17. A device for monitoring at least one ventilation parameter while respiratory gas is being supplied to a patient, the monitoring device comprising:
a sensing device for detecting the behavior of the ventilation parameter as a function of time; and
an analyzer configured to measure an abrupt pressure drop, obstructive pressure peak (OPP), when respiratory passages suddenly open at the end of an episode of obstructive apnea and pressure between a mask and a respiratory tract must be equalized, and identity an obstructive apnea by the measured obstructive pressure peak at the end of an episode of obstructive apnea,
wherein the sensing device comprises a pressure sensor for sensing pressure signals, which is configured to determine the curve of a pressure signal in a patient system, and feed the pressure signal to the analyzer.
18. The device in accordance with claim 17, further comprising an evaluation unit, in communication with the analyzer, for determining well-defined fluctuations of the pressure signal.
19. The device in accordance with claim 18, wherein the analyzer makes the analytical result of the well-defined pressure fluctuations determined by the evaluation unit available to an automatic controller as a control parameter for controlling a respiratory gas source of a ventilator.
Description
BACKGROUND OF THE INVENTION

1. Field of the Invention

The present invention relates to a method for detecting a physiological signal, in which at least one ventilation parameter is measured and analyzed to control a ventilation pressure.

The invention also concerns a device for detecting a physiological signal, which has a sensor for measuring a ventilation parameter and a control unit for producing a ventilation pressure.

The invention further concerns a device for monitoring at least one ventilation parameter while respiratory gas is being supplied to a patient, which has a sensing device for detecting the behavior of the ventilation parameter as a function of time.

2. Description of the Related Art

Large numbers of persons suffer from sleep disorders, which affect the well-being of these persons during the day and in some cases have an adverse effect on their quality of life. One of these sleep disorders is sleep apnea, which is treated primarily by CPAP therapy (CPAP=continuous positive airway pressure), in which a flow of respiratory gas is continuously supplied to the patient through a nasal mask as the patient sleeps. A hose connects the mask with a ventilator, which includes a blower that produces a gas flow with, for example, a positive pressure of 5 to 20 mbars.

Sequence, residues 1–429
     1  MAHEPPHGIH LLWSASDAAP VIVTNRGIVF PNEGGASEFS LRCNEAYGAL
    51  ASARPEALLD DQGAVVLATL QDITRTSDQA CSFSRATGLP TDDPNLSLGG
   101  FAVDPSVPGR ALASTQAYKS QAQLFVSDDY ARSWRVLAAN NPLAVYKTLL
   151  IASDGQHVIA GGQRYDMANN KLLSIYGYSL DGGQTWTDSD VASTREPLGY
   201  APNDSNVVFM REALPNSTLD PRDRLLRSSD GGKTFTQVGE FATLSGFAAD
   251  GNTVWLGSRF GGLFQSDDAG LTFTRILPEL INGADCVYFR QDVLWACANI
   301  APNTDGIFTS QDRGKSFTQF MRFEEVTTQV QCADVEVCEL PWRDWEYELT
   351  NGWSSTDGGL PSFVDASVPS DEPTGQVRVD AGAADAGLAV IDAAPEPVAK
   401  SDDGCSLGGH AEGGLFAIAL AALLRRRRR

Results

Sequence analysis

The gas flow is supplied to the patient either at constant pressure or, to relieve the respiratory work of the patient, at a lower level during expiration.

The lowering and raising of the ventilation pressure are effected on the basis of various events identified by the device and by measured respiratory parameters.

The following are examples of such events: mouth expiration, mouth breathing, leakage, swallowing, speaking, sneezing, coughing, increase in respiratory flow, decrease in respiratory flow, flattening of the respiratory flow, cessation of respiratory flow, increase in resistance, leakage, apnea, hypopnea, snoring, inspiration, expiration, interruption of breathing, increase in respiratory volume, decrease in respiratory volume, inspiratory constriction of the respiratory flow, inspiratory peak flow, decrease in the inspiratory flow after peak flow, second maximum of the inspiratory peak flow, increase in the pressure of the respiratory gas, decrease in the pressure of the respiratory gas, increase in the flow of the respiratory gas, decrease in the flow of the respiratory gas, increase in the volume of respiratory gas delivered, decrease in the volume of respiratory gas delivered.

SUMMARY OF THE INVENTION

The object of the present invention is to improve a method of the aforementioned type in such a way that pressure control is optimized.

Another object of the present invention is to construct a device of the aforementioned type for optimization of pressure control.

A further object of the present invention is to further optimize a device of the aforementioned type.

The three objects listed above are met by the three combinations of features specified at the beginning.

The method of the invention is aimed at detecting obstructive apneas, explicitly, at the end of an apnea, since these are usually difficult to distinguish from central apneas or difficult to detect at all. If apneas are detected exclusively by an approximately zero line in the flow, the distinction obstructive/central is not possible. Oscilloresistometry is available for this purpose (EP 0 705 615 B1), but it requires considerable design expense, results in higher production costs, and is not suitable for all types of masks.